There’s a small place in the city of Cleveland where the wind blows a different direction and the grass is a different shade of green. Puerto Rican flags wave at you as you walk past the houses – each built with their own set of character – and occasionally la bandera dominicana salutes you as you carry on. You smile. “Mi gente linda” you whisper to yourself. You pass a viejita pushing her coche full of food she most likely just bought from the award winning bodega La Borincana and she reminds you to behave though she doesn’t even know your name. The cars that pass by play a mix of Hector Lavoe, Farruko and trending pop and hip hop songs. You speak a mix of Spanish and English or just Spanish because that’s what you hear. This small place where you smell the sancocho sizzling and feel the pride ingrained deep into your blood involuntarily rising out from inside of you every time you see the flag wave is what some of us unofficially refer to as “Little Puerto Rico” or even more recently as “La Villa Hispana.”
Located in Cleveland, Ohio’s Near West Side and Tremont neighborhoods, Little Puerto Rico is a thriving community of primarily Boricuas from all over the island, Puerto Rican-owned businesses, non-profit organizations and cultural centers. One of these institutions serving the community is the 25-year-old Julia de Burgos Cultural Arts Center.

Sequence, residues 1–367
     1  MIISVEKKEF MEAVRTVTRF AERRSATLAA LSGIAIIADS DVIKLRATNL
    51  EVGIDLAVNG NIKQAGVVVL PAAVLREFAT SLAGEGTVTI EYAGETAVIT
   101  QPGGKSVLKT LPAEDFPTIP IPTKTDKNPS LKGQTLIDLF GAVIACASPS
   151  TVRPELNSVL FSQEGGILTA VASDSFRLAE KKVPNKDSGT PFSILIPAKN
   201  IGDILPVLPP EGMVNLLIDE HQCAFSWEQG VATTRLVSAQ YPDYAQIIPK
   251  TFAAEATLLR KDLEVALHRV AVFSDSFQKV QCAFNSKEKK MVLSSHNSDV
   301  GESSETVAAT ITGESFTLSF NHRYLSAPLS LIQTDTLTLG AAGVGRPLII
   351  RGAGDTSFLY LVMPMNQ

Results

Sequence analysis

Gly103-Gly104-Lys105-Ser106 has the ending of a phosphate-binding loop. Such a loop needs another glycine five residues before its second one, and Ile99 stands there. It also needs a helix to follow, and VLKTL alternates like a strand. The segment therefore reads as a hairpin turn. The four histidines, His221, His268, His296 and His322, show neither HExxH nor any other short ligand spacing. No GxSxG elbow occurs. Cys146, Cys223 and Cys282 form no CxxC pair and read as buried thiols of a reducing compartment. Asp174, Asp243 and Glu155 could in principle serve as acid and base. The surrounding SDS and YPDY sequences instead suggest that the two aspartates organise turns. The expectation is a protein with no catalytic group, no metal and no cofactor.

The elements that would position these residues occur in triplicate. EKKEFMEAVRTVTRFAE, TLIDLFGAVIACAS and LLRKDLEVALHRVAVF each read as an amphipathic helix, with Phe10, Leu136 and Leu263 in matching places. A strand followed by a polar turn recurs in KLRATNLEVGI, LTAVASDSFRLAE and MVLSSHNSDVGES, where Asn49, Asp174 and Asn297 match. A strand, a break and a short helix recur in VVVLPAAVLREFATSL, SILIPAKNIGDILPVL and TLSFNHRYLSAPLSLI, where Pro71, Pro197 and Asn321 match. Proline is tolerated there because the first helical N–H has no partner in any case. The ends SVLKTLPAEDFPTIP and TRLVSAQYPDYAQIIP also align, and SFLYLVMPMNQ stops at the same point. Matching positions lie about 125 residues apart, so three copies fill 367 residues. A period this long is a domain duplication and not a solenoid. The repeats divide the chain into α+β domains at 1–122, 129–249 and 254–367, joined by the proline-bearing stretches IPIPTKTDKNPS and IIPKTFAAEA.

Migration from the island of enchantment to Cleveland began as early as the 1940s. Puerto Ricans were driven by economic prosperity and hope during the early years of migration. Mainly in the ‘50s owners of steel mills, farms and factories traveled from Ohio to Puerto Rico, primarily to the pueblos of Yauco and San Lorenzo, to recruit workers.
Decades after the first Boricuas came to Cleveland, they continue to migrate, attracted by the opportunities found in Cleveland. Throughout the past few years, La Villa Hispana continues to implement programs to develop the community, exude pride, and connect complete strangers together over one common regalito: a 100 mile long island.
Before I became involved in the community, to me, Little Puerto Rico meant the area where I didn’t have to search five different stores for a Malta, where I could get my favorite limbers de coco y guayaba for 50 cents and a hug, and where people didn’t refer to me by my name – they called me Prieta.
“Ay que piel mas linda” some would say. I’d roll my eyes and if my piel hadn’t been so negra they would have called me rojizo instead because I’m sure I could have turned 50 shades of red. I was more accustomed to ‘negra’, but even that sometimes made my eyes roll. That was Little Puerto Rico and it wasn’t until my later years that I would realize that Little Puerto Rico was a gift for all of its lessons.